Thoughts for June 20 (Irish martyrs) from Fr Willie Doyle

Blessed Margaret Ball, one of the Irish martyrs whose feast we remember today

Sunday and Monday last were days of wonderful grace for me, as if the Hunter of souls had run His quarry down and so surrounded it with the coils of His love that all escape was impossible. Alas! Does he not well know how that foolish hare will break loose and escape again so soon, spoiling all the plans of the patient Hunter. Still Jesus cannot pass close to the soul without leaving some lasting impression. I cannot but feel that the light he has given me must leave its mark behind, and that I cannot be quite the same again without an awful abuse of grace.

COMMENT: Fr Doyle wrote these words in his diary 104 years ago today, on June 20 1912. 

Fr Doyle often spoke about the notion of abusing God’s grace. It is not something we hear much about today. In essence, he means that we shall have to give an account of all that God has given us. Everything we have is a gift of God. But God is entitled to a return on that gift; He expects us in some way to use the talents and graces that He has given us to good effect – to give glory to Him and to save souls. Yet, how often do we fail to wisely “invest” those talents that he has given to us… 

One of the most frightening lines in the Gospel is found in Chapter 11 of St Matthew’s Gospel. It is easy to overlook it and its significance for us. Speaking of the town of Capernaum, Jesus says:

If the mighty works done in you had been done in Sodom, it would have remained until this day. But I tell you, it shall be more tolerable on the day of judgement for Sodom than for you. 

In other words, those who never received the grace of faith, even though their sins are greater, will receive a lesser punishment than those who have had the faith revealed to them, but whose sins are smaller. These are stunning words that all who consider themselves to be “practising Catholics” need to carefully reflect on. We abuse the graces of God to our peril!

One of the great gifts that God has given us is the gift of faith. Here in Ireland, until very recently, the Catholic Faith was held in high esteem. Yet, largely due to internal corruption, many have now abandoned Christ and His Church, often without ever knowing much about it at all.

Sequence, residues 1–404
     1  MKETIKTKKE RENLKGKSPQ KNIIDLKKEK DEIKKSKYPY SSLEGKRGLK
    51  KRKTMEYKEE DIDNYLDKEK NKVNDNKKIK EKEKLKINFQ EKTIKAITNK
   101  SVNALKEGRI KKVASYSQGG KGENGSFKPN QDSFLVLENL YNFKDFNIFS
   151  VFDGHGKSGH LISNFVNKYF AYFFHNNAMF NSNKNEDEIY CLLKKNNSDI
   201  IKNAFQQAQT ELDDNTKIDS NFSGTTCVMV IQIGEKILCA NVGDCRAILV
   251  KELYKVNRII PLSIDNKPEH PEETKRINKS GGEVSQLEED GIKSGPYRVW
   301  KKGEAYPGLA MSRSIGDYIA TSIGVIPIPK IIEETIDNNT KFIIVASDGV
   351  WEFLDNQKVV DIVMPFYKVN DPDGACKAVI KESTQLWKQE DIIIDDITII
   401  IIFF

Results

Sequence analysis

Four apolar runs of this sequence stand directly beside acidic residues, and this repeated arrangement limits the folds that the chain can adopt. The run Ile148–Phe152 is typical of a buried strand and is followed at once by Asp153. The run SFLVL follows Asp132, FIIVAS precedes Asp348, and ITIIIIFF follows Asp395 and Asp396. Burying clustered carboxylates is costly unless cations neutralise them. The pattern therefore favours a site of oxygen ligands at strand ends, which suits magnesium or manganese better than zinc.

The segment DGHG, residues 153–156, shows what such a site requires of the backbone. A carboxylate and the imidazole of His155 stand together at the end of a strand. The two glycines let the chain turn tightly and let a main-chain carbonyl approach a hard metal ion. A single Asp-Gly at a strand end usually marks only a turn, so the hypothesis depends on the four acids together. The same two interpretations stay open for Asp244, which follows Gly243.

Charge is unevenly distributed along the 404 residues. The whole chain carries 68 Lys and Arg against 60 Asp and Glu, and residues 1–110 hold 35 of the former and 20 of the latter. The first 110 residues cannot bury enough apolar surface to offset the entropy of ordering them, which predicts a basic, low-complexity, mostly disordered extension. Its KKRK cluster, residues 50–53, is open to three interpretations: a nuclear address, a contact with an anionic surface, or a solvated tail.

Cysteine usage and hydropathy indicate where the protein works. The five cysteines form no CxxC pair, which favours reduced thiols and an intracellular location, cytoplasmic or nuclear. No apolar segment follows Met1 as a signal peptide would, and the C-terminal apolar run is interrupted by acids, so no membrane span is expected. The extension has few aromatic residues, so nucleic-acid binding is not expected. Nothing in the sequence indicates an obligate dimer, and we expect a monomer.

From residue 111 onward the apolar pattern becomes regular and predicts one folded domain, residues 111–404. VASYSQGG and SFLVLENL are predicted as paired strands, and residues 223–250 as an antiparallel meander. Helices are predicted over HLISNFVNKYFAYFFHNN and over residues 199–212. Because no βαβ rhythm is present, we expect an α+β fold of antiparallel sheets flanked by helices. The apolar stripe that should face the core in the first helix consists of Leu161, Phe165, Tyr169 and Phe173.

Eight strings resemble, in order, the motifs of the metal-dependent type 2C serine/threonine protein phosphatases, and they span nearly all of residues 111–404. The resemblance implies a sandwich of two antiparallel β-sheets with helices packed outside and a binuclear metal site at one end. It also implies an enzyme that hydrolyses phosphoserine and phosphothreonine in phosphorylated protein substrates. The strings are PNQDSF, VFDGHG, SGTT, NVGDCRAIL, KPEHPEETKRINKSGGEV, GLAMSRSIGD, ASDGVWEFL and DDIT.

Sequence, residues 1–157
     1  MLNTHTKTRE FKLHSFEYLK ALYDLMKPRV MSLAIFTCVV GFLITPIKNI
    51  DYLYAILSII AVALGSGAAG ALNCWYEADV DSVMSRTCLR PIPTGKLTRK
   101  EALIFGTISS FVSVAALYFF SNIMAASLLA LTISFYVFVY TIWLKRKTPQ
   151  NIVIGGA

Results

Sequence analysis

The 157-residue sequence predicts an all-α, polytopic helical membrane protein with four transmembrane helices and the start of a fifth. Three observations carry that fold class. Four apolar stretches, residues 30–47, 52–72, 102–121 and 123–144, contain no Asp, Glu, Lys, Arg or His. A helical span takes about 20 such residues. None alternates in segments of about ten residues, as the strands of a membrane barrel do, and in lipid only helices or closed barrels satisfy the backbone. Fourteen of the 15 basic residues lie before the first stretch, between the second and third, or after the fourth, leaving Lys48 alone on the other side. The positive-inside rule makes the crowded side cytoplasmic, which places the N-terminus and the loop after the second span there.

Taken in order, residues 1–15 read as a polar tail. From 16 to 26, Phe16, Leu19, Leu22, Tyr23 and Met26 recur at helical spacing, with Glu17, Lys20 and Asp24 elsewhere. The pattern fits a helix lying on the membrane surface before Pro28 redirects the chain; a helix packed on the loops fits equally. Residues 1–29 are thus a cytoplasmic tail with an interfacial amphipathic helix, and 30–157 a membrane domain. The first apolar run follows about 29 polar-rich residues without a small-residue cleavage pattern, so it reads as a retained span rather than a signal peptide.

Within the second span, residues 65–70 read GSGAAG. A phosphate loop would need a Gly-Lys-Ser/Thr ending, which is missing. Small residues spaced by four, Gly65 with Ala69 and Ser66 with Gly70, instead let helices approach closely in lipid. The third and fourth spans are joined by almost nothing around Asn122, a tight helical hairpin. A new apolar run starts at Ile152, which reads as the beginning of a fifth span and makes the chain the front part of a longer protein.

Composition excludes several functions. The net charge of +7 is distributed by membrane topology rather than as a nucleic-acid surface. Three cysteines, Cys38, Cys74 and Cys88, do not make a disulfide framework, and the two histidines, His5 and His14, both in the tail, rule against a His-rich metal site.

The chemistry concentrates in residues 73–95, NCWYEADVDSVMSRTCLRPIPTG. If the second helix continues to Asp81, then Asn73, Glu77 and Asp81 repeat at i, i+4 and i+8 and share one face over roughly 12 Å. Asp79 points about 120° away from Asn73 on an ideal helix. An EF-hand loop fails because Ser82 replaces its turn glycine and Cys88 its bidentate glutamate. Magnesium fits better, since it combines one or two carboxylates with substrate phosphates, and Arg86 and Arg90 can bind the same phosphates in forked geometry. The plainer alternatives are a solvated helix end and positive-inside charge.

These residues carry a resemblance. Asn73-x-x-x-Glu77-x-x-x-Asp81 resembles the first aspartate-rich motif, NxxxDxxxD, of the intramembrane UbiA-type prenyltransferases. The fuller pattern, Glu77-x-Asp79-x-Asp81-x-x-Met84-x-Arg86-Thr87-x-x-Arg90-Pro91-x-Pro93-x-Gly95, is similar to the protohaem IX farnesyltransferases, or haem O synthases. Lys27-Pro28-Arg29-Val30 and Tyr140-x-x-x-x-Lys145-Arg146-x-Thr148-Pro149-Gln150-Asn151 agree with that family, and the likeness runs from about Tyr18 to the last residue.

Today in Ireland we celebrate the feast of the Irish martyrs – 17 men and women who lost their lives because of their faith in the late 1500′s and early 1600′s and who were beatified by Saint Pope John Paul II in 1992. Whatever crisis of aggressive secularism we now face in Ireland, we are at least not losing our lives for our faith. Yes, we may be belittled, we may have our sanity or our decency questioned. We may even lose out financially or in our careers due to a subtle discrimination against those of faith. In a sense, this is also a persecution, but a bloodless, psychological one. The Irish martyrs remind us of what our ancestors suffered to preserve the faith in Ireland. From this small land, many missionaries went out to evangelise the new world, especially in Africa, America and Australia. These 17, plus the hundreds of other unrecognised martyrs, and the other unknown multitudes who suffered in other ways, have played a significant role in the evangelisation of the English speaking world by preserving the faith for future generations. How well are we doing in preserving the faith for future generations? Have we abused this gift that God has given to us? 

During the homily for the beatification of these martyrs, St John Paul said: 

We admire them for their personal courage. We thank them for the example of their fidelity in difficult circumstances, a fidelity which is more than an example: it is a heritage of the Irish people and a responsibility to be lived up to in every age.

Today is a day on which Irish people could well reflect on whether we have fully lived up to the responsibility of following the fidelity of these martyrs.  

Today is a day of remembering these heroic men and women, and being thankful for their sacrifice. It is also a day on which those of us in Ireland might well examine our consciences, myself included. What is to happen with these 17 Irish martyrs? Is there any interest in having them canonised? Is there any attempt to promote devotion to them and learn from their examples? Do we pray through their intercession for miracles? Are we happy that they, and the hundreds of others who could be beatified, are largely forgotten?

 

The anniversary of the death of Venerable Matt Talbot (Post 2 of 3 today)

Venerable Matt Talbot